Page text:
we found some linen and had the chairs dropped off at the dealer’s cousin’s upholstery shop down the rue. after the puces, we explored the nice proper which is just around the corner. nice is known for having 100 antique stores scattered throughout a maze of streets, in alleys, garages and along old aquaducts. we grabbed a local map and hit the roads one by one.
some were high end, others were not too chi chi and we talked with dealers who led us to their warehouses and basements.
everyone was easy to work with and delivered the furniture either the same day or the next. we found a chic black lacquer chest that went perfectly in the master bedroom.
(at the shop)
(at the apartment)
last but not least, it was here we found a harvest table she could use as a work space and dining table.
along the way we found an antiques collective that had great, affordable stuff indoors and out. one dealer had a lot of what we liked and we started to imagine it all coming together.
we were kind of sticking with neutrals but both really liked this red chest to hold the printer and act as a sort of tech headquarters.
we ended up with the above chinoiserie desk, the cocktail table, small chairs and little chest. (he threw in the little silver lamp on the left with the perfect linen shade).
the little chest was too small between the beds in the guest room so we created a nook outside the master and found an early bamboo mirror to go above it.
there were a couple brocantes going in antibes that day and even though we got there late there was still plenty to be found.
we fell love with a vitrine for the kitchen painted in we affectionately call ‘grayish greenish blue’.
we found a ton of dishes for just a few euros. we didn’t mind they weren’t washed and took them home, basket and all!
the dishwasher was broken and we washed them 3x by hand before they were clean.
at the same market we these found two black wood folding chairs for the balcony (below) and a little marble top cafe table. from then on we ate every meal outside.
we also picked up the little wooden vanity peeking out behind the chairs for the guest room. everyone bent over backwards to find keys to fit the locks and even fitted them with little tassels for us.
we had picked up these chairs for the balcony in the early morning and found linen to make cushions. once they got to the house though, we ended up loving them in the bay window in what we lovingly called the party area.
even with everything the place still looked bare! luckily there’s a sofa, large vitrine and headboards on the way as well as the rug, artwork and more mirrors to reflect the sea. maybe one day i’ll see it all put together!
in the meantime, the next day was another brocante out by st. tropez in grimaud. it was a pretty market in the woods.
we found mirrors, (the standing hall mirror that was once an armoire door), pottery and linens.
the last day came way too quick. our final market was back in nice and we could finally put some finishing touches in place.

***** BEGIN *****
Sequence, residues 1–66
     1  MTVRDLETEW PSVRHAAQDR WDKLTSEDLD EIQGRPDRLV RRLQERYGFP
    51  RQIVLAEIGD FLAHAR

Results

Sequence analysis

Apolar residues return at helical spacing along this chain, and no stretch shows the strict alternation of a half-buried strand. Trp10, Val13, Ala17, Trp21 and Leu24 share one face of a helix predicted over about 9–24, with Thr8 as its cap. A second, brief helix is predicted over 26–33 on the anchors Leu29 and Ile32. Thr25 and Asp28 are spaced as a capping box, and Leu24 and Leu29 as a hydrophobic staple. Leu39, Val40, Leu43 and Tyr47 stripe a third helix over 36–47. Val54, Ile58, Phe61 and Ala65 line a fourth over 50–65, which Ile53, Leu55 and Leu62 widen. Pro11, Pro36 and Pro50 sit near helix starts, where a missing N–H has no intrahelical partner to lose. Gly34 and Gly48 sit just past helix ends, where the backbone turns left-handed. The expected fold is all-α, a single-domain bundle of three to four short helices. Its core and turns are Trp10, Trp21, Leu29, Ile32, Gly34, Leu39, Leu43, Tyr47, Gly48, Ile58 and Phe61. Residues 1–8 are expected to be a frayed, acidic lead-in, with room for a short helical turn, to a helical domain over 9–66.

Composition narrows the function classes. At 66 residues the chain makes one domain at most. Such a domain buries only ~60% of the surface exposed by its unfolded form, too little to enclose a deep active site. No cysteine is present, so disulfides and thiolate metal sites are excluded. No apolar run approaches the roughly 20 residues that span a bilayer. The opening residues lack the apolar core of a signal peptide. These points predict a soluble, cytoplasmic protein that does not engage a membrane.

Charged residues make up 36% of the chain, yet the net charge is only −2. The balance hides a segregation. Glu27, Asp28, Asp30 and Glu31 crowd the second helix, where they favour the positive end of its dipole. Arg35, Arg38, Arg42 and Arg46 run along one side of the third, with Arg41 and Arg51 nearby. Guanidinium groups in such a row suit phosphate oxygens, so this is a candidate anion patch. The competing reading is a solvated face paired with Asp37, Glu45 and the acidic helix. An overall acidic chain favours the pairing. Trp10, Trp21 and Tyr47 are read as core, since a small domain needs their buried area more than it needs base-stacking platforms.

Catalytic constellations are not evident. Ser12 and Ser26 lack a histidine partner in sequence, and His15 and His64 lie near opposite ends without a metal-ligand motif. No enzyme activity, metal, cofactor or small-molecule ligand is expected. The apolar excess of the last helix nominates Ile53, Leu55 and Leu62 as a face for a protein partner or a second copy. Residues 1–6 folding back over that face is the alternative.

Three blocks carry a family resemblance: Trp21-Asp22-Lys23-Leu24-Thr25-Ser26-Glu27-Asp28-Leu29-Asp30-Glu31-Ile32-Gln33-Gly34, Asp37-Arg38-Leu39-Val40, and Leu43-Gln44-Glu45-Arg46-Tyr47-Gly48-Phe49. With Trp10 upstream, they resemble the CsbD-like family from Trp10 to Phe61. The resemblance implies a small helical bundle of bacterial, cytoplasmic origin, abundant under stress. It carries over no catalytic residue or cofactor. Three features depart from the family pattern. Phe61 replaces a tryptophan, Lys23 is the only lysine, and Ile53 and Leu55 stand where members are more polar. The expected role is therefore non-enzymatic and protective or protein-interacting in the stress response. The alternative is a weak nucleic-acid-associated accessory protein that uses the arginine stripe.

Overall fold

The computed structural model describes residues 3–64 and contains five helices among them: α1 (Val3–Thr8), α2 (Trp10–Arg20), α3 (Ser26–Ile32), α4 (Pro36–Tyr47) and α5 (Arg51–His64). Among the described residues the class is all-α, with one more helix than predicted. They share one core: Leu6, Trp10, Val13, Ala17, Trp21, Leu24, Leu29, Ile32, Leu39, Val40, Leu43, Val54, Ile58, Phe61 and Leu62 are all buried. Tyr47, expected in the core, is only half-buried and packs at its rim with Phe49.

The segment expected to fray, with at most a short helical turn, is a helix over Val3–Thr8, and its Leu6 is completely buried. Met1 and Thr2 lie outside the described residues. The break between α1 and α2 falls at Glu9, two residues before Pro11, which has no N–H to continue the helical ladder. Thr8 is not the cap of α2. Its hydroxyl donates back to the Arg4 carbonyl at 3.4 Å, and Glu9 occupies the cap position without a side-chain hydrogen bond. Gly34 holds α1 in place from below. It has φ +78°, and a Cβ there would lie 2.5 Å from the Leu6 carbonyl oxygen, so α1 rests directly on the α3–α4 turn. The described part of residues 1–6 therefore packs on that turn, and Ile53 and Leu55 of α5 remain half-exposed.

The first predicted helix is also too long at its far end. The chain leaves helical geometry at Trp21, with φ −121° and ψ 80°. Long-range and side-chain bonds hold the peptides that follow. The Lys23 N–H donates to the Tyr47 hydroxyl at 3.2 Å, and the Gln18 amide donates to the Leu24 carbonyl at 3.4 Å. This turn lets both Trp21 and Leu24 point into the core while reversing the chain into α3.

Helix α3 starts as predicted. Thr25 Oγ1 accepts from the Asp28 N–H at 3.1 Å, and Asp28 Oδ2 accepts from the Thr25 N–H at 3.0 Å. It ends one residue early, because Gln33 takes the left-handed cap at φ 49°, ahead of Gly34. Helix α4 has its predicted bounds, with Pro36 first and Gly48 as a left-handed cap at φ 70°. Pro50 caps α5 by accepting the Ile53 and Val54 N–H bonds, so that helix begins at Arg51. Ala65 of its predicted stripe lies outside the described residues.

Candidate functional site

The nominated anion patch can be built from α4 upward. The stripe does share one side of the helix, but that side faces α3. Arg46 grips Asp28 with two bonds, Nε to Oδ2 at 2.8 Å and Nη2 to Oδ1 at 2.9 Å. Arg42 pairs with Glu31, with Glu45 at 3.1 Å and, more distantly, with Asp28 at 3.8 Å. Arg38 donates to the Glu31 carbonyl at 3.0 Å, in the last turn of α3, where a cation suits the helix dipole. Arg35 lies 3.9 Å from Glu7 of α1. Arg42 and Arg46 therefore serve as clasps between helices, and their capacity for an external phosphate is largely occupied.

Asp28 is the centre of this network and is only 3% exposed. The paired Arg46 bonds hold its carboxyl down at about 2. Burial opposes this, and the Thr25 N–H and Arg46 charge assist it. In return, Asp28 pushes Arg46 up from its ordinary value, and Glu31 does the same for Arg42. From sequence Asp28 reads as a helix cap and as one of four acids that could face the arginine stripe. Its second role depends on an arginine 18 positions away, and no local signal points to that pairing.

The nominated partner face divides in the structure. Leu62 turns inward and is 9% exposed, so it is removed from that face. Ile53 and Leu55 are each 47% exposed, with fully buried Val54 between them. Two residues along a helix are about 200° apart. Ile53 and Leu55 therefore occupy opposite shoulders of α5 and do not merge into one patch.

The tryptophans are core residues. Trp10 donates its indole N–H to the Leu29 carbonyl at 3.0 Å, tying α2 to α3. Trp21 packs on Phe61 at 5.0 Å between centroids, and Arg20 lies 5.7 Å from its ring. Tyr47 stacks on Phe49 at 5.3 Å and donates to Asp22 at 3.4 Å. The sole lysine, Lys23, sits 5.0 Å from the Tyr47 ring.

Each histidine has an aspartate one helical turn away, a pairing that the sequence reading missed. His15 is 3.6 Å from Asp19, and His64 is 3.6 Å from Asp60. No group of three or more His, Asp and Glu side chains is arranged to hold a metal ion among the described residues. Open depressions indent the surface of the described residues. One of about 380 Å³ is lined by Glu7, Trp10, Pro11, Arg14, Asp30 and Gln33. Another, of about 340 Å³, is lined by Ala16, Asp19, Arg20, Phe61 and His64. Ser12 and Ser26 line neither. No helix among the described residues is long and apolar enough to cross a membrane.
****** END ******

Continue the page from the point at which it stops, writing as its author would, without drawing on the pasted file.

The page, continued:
not sure how many days we shopped but by the last day we were ready for some details, knowing most of the big stuff was done. we picked up some books and this little statue and stated creating vignettes.
next time i’ll be sure to shoot it all, true beginning, middle and end. for now i hope you enjoyed this little jaunt and i’ll hopefully get more pics as this place develops!
for now i have sweet memories, made a dear friend and have a new place that i can obsess over! it got dark real quick over here so if i’m going to have anything left of this saturday night i best jet! have a great weekend darling friends!
i just liked the sound of that and figured it was a good time to stop by.
hi all, i hope you’re having a ball this june weekend. i spent the morning at the ocean and got my groove back. now i’m home, focused on researching my upcoming job in nice. i want to nail down our itinerary toute de suite. like today cause the trip is June 21. i’ll post what turns up!
i just had to post a couple cute pics that jumped out first thing. this antique store is in grasse, apparently an ancient perfume-making town that inspired the book ‘perfume‘…
but i digress. first thing is getting the lay of the land. the region is officially called Provence-Alps-Côte D’Azur.
there are regions within regions. we’re looking at the 06 (although below it’s called by another name, guess it’s a french thing)
it’s such a dense country with so many villages, towns and history! this could take a lifetime to explore.
this may be sort of dull if you’re not going this year but if you ever decide to, hopefully this can be a reference. i want to get out of nice and up into the less traveled areas but there’s so much front and center!
in all today’s research the most obvious data is that the people of southern france, like parisians, enjoy a good brocante, vide grenier and their antique foires. call it what you will, they’ve been buying, selling and trading the same gems for 200 years.
googling around i stumbled on an article that gave a little backstory on the area:
‘As Gastou tells it, the mid-sixties, was the golden age of the French antiques business. “In those days a merchant could still buy, at one stroke, the entire contents of a château,” he recalls. “As a kid I was dazzled by getting into so many places and seeing such valuable things. In 1968 French priests lost the right to dispose of works of art, but before then provincial curés were permitted to sell them for certain purposes—to repair a church, for instance. Old charitable institutions and hospices, some dating back to Louis XIV, were emptying their attics and cellars.
The best antiques, like major pieces in the Louis styles, went to Paris—or perhaps to America—by the trainload. The next-best material went to the antiques dealers on the Côte d’Azur’. hmmmmm, so that’s a good sign…
anyway i have about a million notes and links to go through. i have a friend in nice who offered to take us around and all the girls (vicki, mel and corey) are on board too. whew!
well i hope you get some sunshine in these next few hours and enjoy the rest of your weekend! more soon~